Double Feature: Monsters of Metal


Everyone has that pothead friend who, when he puffs some chronic, goes off on rambling tangents, describing ideas that he has movies that have no chance of ever being filmed, although, secretly, you wish that they would. It seems that from one of these THC-soaked diatribes that the wonderfully transcendent Hard Rock Zombies must have come from; it’s so utterly bizarre and unintentionally hilarious that someone must have been smoking something as they sat at the typewriter.

A metal band–and I use the word “metal” very loosely–have been on a huge tour of all the 50-person capacity roadhouses in the country. Lead singer Jessie is tired of playing “groupie passaround” and falls for a 14-year-old girl named Cassie in the most awkward courting scene since Eegah tried to get that chick to drink sulfur water. With his ultra-fey come on lines and massive mane of feathered hair, it’s no wonder that Cassie falls for him immediately.

And as pure and holy as a love this is, you know it’s doomed from the start when we learn that Cassie’s dad also just happens to be the metal-hating sheriff of the next town they’re playing in. And who can blame him: as soon as the band gets to town, they are literally kicking their heels and dancing around in fast-forwarded, choreographed skits (think the Monkees, only, well, lamer) designed to showcase the playfulness of the band. They pose on skateboards, kick up their heels and spray beer on a crowd of Mexican children. It’s almost like they ripped a page right out of Motley Crue’s The Dirt, minus, you know, all the butt-fucking on heroin.

Also, I have to note that Jessie is working on a song called “Morte Ascendere”, a chanting dirge that he claims to have cribbed from some “creepy old book” and is excited to record for his next album. Right now, it’s seems like inconsequential that this was mention, but oh, you just wait, Buster Brown!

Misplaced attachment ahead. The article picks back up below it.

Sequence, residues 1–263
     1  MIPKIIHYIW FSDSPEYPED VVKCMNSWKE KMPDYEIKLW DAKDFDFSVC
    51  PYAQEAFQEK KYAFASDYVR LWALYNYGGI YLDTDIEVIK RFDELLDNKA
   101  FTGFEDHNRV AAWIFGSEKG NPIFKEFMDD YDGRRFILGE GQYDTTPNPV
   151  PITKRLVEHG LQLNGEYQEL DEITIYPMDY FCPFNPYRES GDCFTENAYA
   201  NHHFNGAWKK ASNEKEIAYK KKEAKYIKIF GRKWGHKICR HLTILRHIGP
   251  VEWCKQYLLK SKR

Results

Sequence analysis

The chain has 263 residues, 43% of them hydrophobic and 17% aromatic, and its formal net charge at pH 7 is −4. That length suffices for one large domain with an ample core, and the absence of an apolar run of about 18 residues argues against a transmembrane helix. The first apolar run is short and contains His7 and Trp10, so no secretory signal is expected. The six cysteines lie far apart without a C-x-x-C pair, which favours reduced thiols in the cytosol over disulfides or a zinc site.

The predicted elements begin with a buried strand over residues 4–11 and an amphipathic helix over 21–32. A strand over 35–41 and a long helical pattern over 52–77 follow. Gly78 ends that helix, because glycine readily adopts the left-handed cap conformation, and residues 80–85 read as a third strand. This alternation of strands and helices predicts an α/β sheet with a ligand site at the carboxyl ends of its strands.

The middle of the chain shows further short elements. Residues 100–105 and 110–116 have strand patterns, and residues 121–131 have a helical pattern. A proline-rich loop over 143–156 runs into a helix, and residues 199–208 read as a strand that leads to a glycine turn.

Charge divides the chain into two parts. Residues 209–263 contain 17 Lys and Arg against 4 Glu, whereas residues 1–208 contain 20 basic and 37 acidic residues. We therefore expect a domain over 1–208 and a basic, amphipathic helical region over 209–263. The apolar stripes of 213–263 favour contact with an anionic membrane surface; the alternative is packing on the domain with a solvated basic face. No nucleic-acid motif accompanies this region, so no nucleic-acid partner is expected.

It’s also a good thing that they get that prance-fest out of the way, because soon enough Hitler (yes, that Hitler!), along with his werewolf wife and two perverted midget children show up and murder the band. Be it through the means of electrocution, rape or Psycho-inspired shower murder, Jessie and the gang get theirs one by one.

Meanwhile, at the town hall, the Pasadena Playhouse players have gotten together and are acting out scenes from a one-act about a town hall meeting, which includes such komedy klassics as the doddering old guy, the doddering old Jewish guy and ribald plays on words not seen since the final episode of Are You Being Served?

Down, but not out, Jessie’s love for Cassie somehow resurrects the band and now, in full Norwegian black metal-by-way-of Melrose Ave. garb, the march, in choreographed steps, to the school auditorium where there big gig is. As this is going on, zombies begin attacking the small town, but even that is small potatoes when a comic relief big time record exec (you know he’s big time because he has a cell phone and says “Let’s do lunch babe!” and “Tell Polydor to eat my nuts!” and so on. Braving the zombie hordes, the band shows up for their gig and wows the exec, who promptly jizzes his pants as they play one synth-drenched rote number after another.

Just as he’s about to offer them a lifetime contract—doh!—he’s attacked by the unwashed zombie masses.

Meanwhile meanwhile, the townspeople have all gathered to come up with a plan to defeat the undead, one of which is to get giant posters of celebs like John Lennon and John Wayne, and sneak past them, because, and I have no idea where they got this info from, zombies are afraid of giant heads. No wonder why Easter Island is so secure from the walking dead.

Oh yeah, before I forget, one of Hitler’s midget monster brood jumps on top of a cow, rides it backwards and then tries to eat it. Yeah, I don’t know either.

Somehow, this is all because Hitler has created a new installment of mustard gas showers inside an old abandoned cave. How or why, we don’t know, but it’s definitely a freaky-deaky sub-plot that I’m not so sure needed to be introduced. But it was, so, luckily, Jessie and the other hard rock zombies grab their gear and decide to play an impromptu concert at the cave’s mouth. They need to play a song that will draw the zombies into the cave—something that maybe came from some creepy old book of magic spells. Well, quicker than you can say “Abraca-shit!”, the gang has busted out that old chestnut “Morte Ascendere”, which turns out is like the pied-piper’s calling for the undead. That was lucky, fellas!